FDA is responsible for ensuring that the nation's seafood supply, both domestic and imported, is safe, sanitary, wholesome, and honestly labeled. This page provides access to content about seafood, including fish and shellfish, from across the Food section of FDA.gov. Grouped according to target audiences, these links include access to up-to-date consumer information and advice, guidance documents, regulation, and science and research content.
- New! Activities for the Safety of Imported Seafood (PDF) March 2023
This report details how established FDA regulation and innovative programs and technology are employed to help ensure the safety of imported seafood.
- The FDA Moves into Third Phase of Artificial Intelligence Imported Seafood Pilot Program August 2022
- FDA Shares Results on PFAS Testing in Seafood
- Enhancing the Safety of Imported Shrimp Through Regulatory Partnerships A conversation with Steven Bloodgood, Acting Director, Division of Seafood Safety and Fazila Shakir, Staff Director, Regulatory Cooperation and Partnerships.
- Updated Fish and Fishery Products-Hazards and Controls Guidance
This section provides updates and information about seafood safety for consumers.
- Eating Fish: What Pregnant Women and Parents Should Know
- Selecting & Serving Fresh & Frozen Seafood Safely
- Safe Food Handling
- Aquacultured Seafood
- Food Safety for Moms-to-Be
- Food Irradiation
- Safe Sources of Puffer Fish
- Vibrio vulnificus Education
- Oil Spill
This section provides information about seafood guidance, regulations imports and exports.
- The Seafood List (Fish Naming)
- Seafood Regulation & Guidance
- Seafood HACCP
- Seafood HACCP Video Series
- Hazards & Controls Guidance
- Imports & Exports
- FDA DNA Testing
- Gulf of Mexico Oil Spill
- Nutrition Information for Seafood - Retail Store Posters
- Labeling of Foods Comprised of or Containing Cultured Seafood Cells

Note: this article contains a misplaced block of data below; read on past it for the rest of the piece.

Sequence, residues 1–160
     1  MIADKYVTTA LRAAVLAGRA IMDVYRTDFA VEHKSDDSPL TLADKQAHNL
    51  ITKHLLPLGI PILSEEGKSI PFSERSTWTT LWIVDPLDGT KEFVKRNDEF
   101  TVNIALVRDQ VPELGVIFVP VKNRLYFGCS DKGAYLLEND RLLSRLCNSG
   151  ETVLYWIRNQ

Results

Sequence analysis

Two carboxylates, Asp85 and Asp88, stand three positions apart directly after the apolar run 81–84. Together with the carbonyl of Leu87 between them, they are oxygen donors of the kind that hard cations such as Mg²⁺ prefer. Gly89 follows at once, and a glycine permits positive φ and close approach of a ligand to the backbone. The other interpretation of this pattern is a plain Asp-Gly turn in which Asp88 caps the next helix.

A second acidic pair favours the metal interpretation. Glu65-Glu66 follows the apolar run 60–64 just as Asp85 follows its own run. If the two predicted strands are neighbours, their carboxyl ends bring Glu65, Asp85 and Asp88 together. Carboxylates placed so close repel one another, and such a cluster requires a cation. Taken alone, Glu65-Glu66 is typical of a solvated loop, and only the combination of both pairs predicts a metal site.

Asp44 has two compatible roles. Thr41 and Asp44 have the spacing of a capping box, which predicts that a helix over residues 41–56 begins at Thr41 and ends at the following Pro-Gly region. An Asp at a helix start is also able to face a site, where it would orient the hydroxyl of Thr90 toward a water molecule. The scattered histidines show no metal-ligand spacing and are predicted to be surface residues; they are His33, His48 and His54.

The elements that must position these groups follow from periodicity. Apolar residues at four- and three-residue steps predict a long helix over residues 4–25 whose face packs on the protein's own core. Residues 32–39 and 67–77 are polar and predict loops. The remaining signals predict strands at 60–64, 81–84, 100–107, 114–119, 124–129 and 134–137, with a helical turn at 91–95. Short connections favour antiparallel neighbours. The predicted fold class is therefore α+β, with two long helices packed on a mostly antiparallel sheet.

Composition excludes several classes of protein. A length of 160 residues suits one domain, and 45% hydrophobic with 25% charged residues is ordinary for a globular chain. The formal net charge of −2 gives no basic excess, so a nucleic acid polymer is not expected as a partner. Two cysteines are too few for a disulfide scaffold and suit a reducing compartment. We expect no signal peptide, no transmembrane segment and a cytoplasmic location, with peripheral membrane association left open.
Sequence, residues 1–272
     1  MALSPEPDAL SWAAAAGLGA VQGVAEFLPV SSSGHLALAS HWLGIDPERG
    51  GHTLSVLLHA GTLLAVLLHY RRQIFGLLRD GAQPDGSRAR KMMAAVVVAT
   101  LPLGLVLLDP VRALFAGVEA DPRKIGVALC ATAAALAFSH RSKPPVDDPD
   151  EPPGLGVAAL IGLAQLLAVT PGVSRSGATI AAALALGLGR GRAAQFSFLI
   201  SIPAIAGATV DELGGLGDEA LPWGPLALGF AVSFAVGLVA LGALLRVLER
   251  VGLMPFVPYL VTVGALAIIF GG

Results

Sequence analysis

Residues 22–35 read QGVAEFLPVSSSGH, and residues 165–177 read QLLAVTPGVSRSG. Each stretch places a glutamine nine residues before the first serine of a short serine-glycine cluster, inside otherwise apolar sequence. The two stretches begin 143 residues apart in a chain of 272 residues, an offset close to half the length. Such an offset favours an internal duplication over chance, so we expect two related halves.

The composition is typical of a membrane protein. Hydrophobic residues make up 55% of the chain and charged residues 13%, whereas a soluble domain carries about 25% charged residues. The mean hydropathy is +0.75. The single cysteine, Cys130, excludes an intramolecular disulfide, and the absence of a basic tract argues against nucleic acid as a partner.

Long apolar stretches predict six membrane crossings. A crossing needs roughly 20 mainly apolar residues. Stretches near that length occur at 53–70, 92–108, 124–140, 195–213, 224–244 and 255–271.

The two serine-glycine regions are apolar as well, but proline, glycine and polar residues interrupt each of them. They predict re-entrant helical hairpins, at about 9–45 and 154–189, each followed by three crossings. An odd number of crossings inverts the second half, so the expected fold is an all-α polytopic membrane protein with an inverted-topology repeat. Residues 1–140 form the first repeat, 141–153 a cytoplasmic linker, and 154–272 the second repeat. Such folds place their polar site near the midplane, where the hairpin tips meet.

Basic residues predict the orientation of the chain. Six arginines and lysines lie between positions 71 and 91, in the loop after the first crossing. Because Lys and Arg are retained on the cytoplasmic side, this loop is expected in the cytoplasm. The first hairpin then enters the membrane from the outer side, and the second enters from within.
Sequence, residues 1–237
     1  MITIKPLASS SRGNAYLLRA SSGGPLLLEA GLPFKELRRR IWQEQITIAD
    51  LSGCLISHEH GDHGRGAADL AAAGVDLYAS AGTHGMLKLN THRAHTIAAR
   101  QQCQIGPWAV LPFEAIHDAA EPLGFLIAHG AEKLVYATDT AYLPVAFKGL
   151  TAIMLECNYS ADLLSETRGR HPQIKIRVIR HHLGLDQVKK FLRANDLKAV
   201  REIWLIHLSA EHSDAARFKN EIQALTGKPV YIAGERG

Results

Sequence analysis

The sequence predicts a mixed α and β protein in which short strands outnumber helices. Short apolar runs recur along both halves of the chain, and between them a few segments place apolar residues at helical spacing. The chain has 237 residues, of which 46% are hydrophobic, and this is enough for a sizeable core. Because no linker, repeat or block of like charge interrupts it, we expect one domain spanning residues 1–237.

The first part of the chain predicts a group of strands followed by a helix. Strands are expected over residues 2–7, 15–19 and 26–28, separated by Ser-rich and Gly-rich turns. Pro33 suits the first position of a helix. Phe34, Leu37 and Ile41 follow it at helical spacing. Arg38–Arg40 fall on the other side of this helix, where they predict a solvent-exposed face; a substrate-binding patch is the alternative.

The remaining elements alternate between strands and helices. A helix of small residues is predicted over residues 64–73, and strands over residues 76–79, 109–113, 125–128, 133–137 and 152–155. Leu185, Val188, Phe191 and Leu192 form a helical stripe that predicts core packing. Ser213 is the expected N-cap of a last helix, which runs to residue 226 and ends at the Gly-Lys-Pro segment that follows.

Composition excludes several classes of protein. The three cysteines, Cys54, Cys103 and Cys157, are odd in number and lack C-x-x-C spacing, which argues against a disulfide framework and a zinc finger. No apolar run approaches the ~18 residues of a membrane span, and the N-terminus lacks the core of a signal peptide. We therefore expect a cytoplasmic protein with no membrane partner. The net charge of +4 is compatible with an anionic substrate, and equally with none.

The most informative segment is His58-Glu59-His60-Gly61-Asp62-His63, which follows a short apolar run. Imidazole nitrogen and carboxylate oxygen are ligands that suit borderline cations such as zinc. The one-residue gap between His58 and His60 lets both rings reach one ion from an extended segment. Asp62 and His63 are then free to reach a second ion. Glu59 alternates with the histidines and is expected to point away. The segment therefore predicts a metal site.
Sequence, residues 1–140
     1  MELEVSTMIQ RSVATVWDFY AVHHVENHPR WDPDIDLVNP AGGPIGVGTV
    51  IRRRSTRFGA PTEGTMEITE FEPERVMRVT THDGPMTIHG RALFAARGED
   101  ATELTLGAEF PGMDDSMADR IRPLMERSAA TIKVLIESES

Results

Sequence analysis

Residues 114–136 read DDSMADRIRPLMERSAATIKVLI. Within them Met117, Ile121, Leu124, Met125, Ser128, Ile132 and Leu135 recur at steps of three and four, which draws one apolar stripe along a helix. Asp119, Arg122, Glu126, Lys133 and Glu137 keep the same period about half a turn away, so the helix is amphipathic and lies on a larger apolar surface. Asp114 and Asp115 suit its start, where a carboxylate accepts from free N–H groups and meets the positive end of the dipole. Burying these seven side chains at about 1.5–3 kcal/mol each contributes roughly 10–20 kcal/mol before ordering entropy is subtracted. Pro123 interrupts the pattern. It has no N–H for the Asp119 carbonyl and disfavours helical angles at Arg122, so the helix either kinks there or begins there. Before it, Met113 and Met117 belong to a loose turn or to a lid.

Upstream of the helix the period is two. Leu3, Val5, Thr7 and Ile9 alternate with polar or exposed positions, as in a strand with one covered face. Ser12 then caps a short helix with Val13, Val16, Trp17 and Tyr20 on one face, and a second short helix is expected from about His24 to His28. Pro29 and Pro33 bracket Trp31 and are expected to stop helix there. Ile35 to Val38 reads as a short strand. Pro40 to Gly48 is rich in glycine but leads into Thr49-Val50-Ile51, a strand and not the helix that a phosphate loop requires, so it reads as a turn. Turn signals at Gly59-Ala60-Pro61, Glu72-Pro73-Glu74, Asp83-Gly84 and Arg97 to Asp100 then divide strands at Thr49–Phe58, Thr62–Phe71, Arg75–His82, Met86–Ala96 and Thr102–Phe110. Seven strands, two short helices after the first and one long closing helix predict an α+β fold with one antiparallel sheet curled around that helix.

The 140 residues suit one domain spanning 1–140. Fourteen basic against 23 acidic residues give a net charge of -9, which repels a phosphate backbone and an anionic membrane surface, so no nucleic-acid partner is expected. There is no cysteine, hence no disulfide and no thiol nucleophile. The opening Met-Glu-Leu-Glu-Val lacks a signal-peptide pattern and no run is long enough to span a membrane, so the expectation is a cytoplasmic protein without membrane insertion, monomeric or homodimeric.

The term molluscan shellfish refers to bivalve molluscan shellfish (e.g. clams, oysters, mussels, scallops) that have a two-part hinged shell and filter the water they inhabit. When filtering water through their gills, they may also bioaccumulate bacteria, toxins, or other contaminants if they are present in the water column. This creates a potential risk for consumers who enjoy eating raw molluscan shellfish. Requirements of the National Shellfish Sanitation Program (NSSP) are intended to address the sanitary control of molluscan shellfish. The NSSP is a federal/state cooperative program with the primary goal of protecting public health by ensuring that only safe molluscan shellfish reach consumers. This section lists resources for stakeholders and supports the NSSP.
- Marine Biotoxin Management for Molluscan Shellfish Training Video
- National Shellfish Sanitation Program
- Interstate Certified Shellfish Shippers List
- Shellfish Equivalence
- Bivalve Molluscan Shellfish Trade with the European Union resumes. The FDA announced the final equivalence determination in September 2020 and negotiations between the U.S. and the EU were completed in 2022. The resumption of bilateral trade in bivalve molluscan shellfish was announced on February 27. For the first time since 2011, U.S. producers, beginning in the states of Massachusetts and Washington, are eligible to export live, raw and processed bivalve molluscan shellfish to the EU, including oysters, clams, mussels, and whole or roe-on scallops. EU producers in Spain and the Netherlands are also eligible to export live and raw bivalve molluscan shellfish to the United States. See: United States and European Union to Resume Trade in Live, Bivalve Shellfish. See also: Webinar on Shellfish Equivalence with European Union Member States - 10/01/2020 - 10/01/2020 | FDA for more information on the process for recognizing additional States and procedures for firm listing and export certification.
Scientists & Researchers
This section provides information about research, methods, data, and other scientific content.
- DNA-based Testing
- Processing Parameters to Control Pathogens
- Bad Bug Book
- Knowledge Base Gaps
- Mercury in Seafood
How to Report Seafood-Related Toxin and Scombrotoxin Fish Poisoning Illnesses
To help the FDA effectively investigate, remove unsafe seafood products from the market, and develop new prevention strategies, the FDA relies on illness reporting from public health officials and healthcare providers. While most foodborne outbreaks are tracked through the FDA’s Coordinated Outbreak Response and Evaluation (CORE) network, seafood-related illnesses caused by natural toxins have a unique reporting mechanism. This web page provides information on commonly occurring seafood-related illnesses and how to report them to the FDA. To report an illness from raw bivalve molluscan shellfish, email the FDA at firstname.lastname@example.org.
- FDA Blogs on Food Topics
- Consumer Updates on Food
- FISH WATCH - U.S. Seafood Facts
- NOAA Seafood Inspection Program
- Interstate Shellfish Sanitation Conference
- Food Safety Information
- Food Safety Modernization Act (FSMA)
- USDA Inspection Program for Siluriformes (including catfish)
- IUU Fishing and Seafood Fraud